The RMA Quality Planning Resource

What is an issue?

An issue is an existing or potential problem that must be resolved to promote the purpose of the RMA. However issues can also be opportunities to assist in promoting the purpose of the RMA.

Environmental issues usually concern conflicts between users of resources, allocation of resources, or effects on the environment. Such issues may represent an existing problem, or a potential problem arising from likely future resource use. An issue could relate to the cumulative effects of many resource uses or from a series of individual proposals. An issue could also relate to the need to take positive action to correct the absence of policy or policy failures, or to promote positive effects (for example enhancement or restorative projects).

Issues need to be derived from evidence and facts, and those concerning values (such as amenity): by consultation. Potential issues should be tested to see if they need to be included in, and managed through, the plan.

Tips for writing issues

The expression of issues in plans should:

  • identify an environmental problem (or opportunity for improvement) that the local authority can address under the RMA
  • identify the cause of the problem or scope of the opportunity (where this is known)
  • be specific to the district or region rather than abstract and generalised (even though the issue may also occur elsewhere)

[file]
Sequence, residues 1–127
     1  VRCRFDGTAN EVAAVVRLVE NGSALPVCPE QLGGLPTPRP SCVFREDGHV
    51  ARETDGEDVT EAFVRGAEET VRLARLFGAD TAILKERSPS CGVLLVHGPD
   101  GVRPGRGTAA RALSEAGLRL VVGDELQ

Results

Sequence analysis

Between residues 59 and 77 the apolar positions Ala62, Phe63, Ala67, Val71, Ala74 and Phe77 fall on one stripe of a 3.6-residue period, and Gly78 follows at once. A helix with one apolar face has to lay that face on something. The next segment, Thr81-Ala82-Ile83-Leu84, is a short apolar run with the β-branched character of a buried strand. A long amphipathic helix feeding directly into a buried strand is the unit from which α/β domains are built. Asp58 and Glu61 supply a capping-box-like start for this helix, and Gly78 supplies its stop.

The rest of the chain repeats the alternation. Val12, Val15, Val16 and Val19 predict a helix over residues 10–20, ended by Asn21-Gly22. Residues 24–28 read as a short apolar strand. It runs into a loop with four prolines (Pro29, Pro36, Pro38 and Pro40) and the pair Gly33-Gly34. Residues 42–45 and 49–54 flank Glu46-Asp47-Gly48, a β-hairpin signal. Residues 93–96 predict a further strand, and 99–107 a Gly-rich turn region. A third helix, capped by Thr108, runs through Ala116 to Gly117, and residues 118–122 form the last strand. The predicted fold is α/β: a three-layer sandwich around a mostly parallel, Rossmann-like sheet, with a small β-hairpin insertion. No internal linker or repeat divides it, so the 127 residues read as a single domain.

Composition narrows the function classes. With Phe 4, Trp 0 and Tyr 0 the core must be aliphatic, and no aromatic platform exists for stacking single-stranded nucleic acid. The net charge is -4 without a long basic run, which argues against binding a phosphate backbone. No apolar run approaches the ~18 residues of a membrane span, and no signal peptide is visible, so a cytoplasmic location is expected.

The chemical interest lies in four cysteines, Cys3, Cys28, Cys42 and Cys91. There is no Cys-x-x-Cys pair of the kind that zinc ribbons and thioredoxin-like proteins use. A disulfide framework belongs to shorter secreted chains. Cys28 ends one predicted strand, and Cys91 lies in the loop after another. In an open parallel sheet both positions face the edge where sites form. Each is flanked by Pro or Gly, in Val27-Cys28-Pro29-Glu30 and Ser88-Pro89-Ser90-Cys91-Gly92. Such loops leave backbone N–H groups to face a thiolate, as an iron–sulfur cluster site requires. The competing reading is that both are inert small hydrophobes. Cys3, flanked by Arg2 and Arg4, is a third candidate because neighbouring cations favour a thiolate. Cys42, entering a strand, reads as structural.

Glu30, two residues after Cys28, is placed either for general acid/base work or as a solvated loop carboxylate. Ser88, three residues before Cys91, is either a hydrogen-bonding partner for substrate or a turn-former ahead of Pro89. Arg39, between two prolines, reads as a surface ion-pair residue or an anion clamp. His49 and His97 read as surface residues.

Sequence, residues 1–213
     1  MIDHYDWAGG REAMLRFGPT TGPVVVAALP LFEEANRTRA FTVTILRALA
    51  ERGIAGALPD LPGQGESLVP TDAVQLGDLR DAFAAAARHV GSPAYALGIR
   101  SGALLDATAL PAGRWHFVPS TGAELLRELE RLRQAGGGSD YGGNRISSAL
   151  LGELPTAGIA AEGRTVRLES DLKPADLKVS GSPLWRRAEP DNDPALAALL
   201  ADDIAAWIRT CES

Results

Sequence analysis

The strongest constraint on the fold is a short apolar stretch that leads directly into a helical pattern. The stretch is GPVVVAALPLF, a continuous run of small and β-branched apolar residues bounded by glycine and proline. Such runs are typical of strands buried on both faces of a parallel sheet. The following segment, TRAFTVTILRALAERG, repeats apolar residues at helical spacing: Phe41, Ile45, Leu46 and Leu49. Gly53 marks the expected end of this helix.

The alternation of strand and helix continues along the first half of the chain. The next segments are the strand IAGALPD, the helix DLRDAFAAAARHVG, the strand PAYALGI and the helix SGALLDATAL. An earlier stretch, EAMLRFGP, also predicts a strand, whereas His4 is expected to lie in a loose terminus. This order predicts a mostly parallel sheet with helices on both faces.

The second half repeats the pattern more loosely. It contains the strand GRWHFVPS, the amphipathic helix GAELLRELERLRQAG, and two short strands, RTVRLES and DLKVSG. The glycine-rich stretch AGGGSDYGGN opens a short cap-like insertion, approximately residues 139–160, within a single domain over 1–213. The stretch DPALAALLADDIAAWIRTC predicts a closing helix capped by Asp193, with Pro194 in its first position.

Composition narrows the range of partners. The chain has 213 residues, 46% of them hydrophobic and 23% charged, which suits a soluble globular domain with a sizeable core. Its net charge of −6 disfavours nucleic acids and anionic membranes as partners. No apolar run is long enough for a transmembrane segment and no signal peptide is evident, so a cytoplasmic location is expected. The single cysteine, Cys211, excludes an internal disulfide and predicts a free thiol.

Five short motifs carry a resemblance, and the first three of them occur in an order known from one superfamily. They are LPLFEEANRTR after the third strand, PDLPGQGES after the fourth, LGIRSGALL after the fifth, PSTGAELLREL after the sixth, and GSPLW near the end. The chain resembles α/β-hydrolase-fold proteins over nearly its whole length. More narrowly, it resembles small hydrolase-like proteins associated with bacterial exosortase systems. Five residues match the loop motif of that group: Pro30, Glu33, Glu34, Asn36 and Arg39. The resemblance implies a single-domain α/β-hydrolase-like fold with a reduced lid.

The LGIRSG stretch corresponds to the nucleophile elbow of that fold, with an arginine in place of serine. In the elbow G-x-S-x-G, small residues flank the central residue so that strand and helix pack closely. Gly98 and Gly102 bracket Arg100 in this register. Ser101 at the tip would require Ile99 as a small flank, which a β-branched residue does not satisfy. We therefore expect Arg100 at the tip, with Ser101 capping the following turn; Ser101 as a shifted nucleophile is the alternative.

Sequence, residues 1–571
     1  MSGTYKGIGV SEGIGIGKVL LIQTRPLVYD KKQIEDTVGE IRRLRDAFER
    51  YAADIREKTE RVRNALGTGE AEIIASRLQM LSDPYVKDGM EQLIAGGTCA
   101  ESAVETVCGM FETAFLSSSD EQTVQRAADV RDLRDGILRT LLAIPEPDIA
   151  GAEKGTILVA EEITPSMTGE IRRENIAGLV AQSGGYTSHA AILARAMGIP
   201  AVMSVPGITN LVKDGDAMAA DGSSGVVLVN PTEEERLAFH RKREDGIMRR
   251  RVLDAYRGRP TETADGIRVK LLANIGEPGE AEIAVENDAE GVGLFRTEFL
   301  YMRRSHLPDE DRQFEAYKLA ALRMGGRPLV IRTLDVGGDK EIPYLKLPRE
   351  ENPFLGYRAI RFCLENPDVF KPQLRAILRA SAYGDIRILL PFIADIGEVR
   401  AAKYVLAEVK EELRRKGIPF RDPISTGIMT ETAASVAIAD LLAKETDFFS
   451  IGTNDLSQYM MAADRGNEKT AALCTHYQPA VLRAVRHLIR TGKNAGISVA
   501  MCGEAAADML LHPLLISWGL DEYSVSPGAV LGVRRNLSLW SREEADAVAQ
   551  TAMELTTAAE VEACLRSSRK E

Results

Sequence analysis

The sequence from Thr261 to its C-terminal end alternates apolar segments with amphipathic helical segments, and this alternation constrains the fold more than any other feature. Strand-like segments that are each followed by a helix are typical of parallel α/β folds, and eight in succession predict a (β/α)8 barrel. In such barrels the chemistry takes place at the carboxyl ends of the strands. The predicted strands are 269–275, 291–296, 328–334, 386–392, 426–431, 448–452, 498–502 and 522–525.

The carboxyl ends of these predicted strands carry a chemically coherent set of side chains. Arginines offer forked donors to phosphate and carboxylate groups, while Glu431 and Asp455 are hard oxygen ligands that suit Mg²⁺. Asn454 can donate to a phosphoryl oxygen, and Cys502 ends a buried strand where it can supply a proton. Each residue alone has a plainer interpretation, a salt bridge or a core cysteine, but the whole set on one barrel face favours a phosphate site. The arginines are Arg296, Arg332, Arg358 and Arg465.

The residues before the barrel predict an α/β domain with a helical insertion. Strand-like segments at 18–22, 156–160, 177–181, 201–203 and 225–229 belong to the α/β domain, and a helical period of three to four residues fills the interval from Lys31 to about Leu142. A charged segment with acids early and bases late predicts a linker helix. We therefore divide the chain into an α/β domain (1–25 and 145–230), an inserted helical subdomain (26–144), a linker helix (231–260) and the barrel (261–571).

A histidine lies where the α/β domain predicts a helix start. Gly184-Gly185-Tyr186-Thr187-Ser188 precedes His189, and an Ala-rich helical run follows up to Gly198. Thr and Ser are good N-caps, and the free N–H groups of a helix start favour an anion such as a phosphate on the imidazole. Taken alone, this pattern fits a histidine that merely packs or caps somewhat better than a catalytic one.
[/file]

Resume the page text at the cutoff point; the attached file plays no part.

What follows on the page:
• be succinct (explanations could be used if more detail is essential)
  • include what is being affected, how it is being affected, and where
  • if the issue is intermittent in nature or it relates to a specific timeframe or event, include information related to the circumstances that give rise to the issue, or its duration and frequency (i.e. 'when').

Avoid:

  • restating the provisions of the RMA as issues (e.g. 'Maintenance and enhancement of amenity values') - think about what the RMA means for the region or district and its resources and what may impact on those resources
  • only stating the issue as a topic (e.g. 'water contamination')
  • issues outside the scope of the RMA (e.g. 'the promotion of tourism in YYY')
  • defining the desired outcome (that is the role of objectives)
  • focusing only on issues internal to the council (e.g. 'lack of information on XXX')
  • pre-empting the solution (e.g. 'the need for a better...') - issues should be identified before the solution is found, not after.

See examples of how issues could be written.

Writing good objectives

An objective is a statement of what is to be achieved through the resolution of a particular issue. Objectives clearly state what is aimed for in overcoming the issue or promoting a positive outcome, or what the community has expressed as being desirable in resolving an issue. Objectives tend to be positively worded and need to be clear enough to provide targets that policies seek to achieve.

Where plan drafters choose not to include issues in their plans the objective should be worded in such a way that the issue that gave rise to the objective is evident. Alternatively, if the issue is clearly stated in another document, a clear reference could be made to the issue and the document where it can be found.

In writing objectives it is good practice to:

  • be specific
  • write the objective in the form of a sentence that states what is to be achieved, where and when